2. As I read your post, I felt this wave of gratitude, and awe, wash over me. 1 — for the science that has ensured you are alive today. 2 — for your spirit. so shiny and bright and so very engaging and inspiring.

    as to ‘I don’t want to go’ — that question — what’s the worst thing that could happen? — always helps me get to where I don’t want to go but chose to for the sake of….

    Have a beautiful day my friend.

  3. Wow. What a severe instance of “I don’t want to go” you experienced in your young life, Ann. It sounds absolutely terrifying. Thank God you came through it, every time. That’s a good lesson. I suppose. Good luck at the sleep study, my friend.

  4. Ann, I think God must’ve installed a very good heart full of tenderness and compassion in you at that young age. It shines every time you write (your cats know it too!). You can certainly know that our thoughts and prayers ARE going with you. 🙂

    • I know it now, Mel, and that helps a lot. Thank you for seeing tenderness and compassion in me because, as I like to say, it takes one to know one.

  5. Thanks for the reminder that sometimes there is a place that we do not want to a go and yet we need to go there anyway, because it is the way to something better for our long-term well-being.

  6. Many places I have not wanted to go to, but dragged myself there nonetheless. Sometimes for the better, sometimes for the worst. Glad you went and glad science is there for all of us. Good luck with your sleep study.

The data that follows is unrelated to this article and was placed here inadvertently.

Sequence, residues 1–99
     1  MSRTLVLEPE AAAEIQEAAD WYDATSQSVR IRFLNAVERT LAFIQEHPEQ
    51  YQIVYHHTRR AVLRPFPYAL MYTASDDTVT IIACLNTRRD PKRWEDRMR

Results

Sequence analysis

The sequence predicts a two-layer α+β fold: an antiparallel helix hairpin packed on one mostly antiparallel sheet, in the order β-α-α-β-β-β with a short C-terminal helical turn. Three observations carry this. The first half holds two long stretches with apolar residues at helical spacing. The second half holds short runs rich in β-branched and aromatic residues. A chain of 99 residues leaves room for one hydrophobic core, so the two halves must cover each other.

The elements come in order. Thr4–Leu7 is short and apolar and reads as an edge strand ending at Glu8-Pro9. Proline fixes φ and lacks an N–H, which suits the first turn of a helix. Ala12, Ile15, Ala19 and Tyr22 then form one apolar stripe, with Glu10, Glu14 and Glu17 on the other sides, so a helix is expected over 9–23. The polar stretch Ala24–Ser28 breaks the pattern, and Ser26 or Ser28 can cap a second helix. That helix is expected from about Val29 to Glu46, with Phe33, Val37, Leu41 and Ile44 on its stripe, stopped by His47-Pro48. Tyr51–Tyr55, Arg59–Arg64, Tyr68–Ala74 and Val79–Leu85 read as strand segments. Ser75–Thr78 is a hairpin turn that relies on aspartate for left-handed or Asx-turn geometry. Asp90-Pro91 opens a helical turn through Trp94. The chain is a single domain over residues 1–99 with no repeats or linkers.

7. Well, I’m not sure if you wrote all of this just to avoid saying you don’t want to go, or if you are okay going… You’ve been hearing “I don’t want to go” out of others, and you shared some of your own experiences – but since you didn’t say you didn’t want to, then I just have to go with your written words and wish you well! I would imagine that it won’t be pleasant, but I bet you get a lot of good information out of it and that information can only help as you go forward!
    Plus, you have a concert to look forward to! 🙂

    • Thank you for the well wishes and for all you noticed, Kate. Your comment helps me to look forward to the two days ahead!

  8. Thank you for this post, Ann. Millie and Pearl have to go to the doggy dentist tomorrow and I’m sure if they knew where they’re going – and what’s going to happen when they get there – they would not want to go!

    • I can relate to Millie and Pearl, Annabelle. I hope things go well for everybody!

      • Millie and Pearl safely home now – minus a few teeth! I don’t blame you, not wanting to spend any more time in the hospital, you seem to have had more than your fair share. I hope everything went well this time.

  9. Michele Seminara

    No wonder you are so pragmatic, Ann, your very life depended on it as a youngster! I have always felt that going when you don’t want to go is character building, despite the outcome. Thanks for the reminder!

  10. Who are You?

  11. This is beautiful. A beautiful piece of writing and a beautiful glimpse of what it is to be human and fragile and 13 or any age at all.

  12. Pingback: Day 450: ABC’s (and an F). | The Year(s) of Living Non-Judgmentally